By David K. Shipler
History is supposed to have an unerring eye for ultimate accuracy. From the distance of time, historians are expected to act as the final judges, to cut ruthlessly through to the truth. It is fitting to reflect on this now, during a week of renewed mourning for President John F. Kennedy, who was felled in Dallas by an assassin half a century ago.
He and Jackie were dazzling. They tapped Americans’ vestigial yearning for royalty, the excitement of stylish celebrity, and the deep need for optimistic commitment to high purpose. Yet as popular as Kennedy was—his Gallup approval rating averaged 70.1 percent—he was never so widely admired as he became after his death. Indeed, Gallup’s graph of his rating shows a gradual, yearlong downward slope to 58 percent the week before he was killed—still higher than President Obama has enjoyed since the first six months of taking office, but a significant decline nonetheless. It followed a sharp bump up 13 months earlier after JFK faced down the Soviet Union in the Cuban missile crisis. (Presidents’ percentages typically rise after a national security crisis, as Franklin D. Roosevelt’s did after Pearl Harbor and George W. Bush’s following 9/11.)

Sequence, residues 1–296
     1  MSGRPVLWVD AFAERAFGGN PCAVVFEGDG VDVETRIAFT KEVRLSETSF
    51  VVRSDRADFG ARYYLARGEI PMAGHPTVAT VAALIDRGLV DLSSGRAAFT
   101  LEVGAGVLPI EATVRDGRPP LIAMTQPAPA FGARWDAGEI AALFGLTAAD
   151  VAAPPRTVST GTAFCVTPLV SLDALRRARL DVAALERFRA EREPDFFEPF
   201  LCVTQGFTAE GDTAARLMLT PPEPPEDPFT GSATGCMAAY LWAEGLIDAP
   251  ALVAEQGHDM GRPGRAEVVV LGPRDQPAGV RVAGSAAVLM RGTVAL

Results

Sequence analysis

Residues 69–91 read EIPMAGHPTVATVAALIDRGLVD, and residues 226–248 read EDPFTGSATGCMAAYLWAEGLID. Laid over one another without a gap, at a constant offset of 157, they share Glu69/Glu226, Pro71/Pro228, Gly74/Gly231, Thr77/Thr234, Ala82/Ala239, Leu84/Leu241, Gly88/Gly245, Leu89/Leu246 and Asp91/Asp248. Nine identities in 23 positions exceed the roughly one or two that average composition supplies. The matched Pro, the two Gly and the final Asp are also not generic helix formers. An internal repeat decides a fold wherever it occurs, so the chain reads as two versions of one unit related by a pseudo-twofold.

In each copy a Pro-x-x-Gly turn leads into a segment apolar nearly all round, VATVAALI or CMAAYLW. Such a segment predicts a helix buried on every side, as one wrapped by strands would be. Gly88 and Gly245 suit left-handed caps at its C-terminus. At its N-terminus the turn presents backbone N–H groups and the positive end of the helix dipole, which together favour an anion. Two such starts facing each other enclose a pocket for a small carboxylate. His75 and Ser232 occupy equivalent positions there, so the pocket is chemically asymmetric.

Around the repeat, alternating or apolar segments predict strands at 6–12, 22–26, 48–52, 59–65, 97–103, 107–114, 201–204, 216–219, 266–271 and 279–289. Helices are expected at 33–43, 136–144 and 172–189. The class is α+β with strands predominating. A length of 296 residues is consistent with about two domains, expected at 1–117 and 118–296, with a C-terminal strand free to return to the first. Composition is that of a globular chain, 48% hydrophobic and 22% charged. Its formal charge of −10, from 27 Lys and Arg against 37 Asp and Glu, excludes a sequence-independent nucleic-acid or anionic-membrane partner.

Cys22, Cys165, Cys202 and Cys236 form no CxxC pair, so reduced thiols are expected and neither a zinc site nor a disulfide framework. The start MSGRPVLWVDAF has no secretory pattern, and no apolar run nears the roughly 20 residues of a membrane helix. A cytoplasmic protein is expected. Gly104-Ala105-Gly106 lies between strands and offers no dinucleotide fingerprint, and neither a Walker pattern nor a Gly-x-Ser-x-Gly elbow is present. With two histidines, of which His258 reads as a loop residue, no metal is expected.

One is tempted to wonder what course the line on that graph would have taken had JFK lived and had been able to win a second term.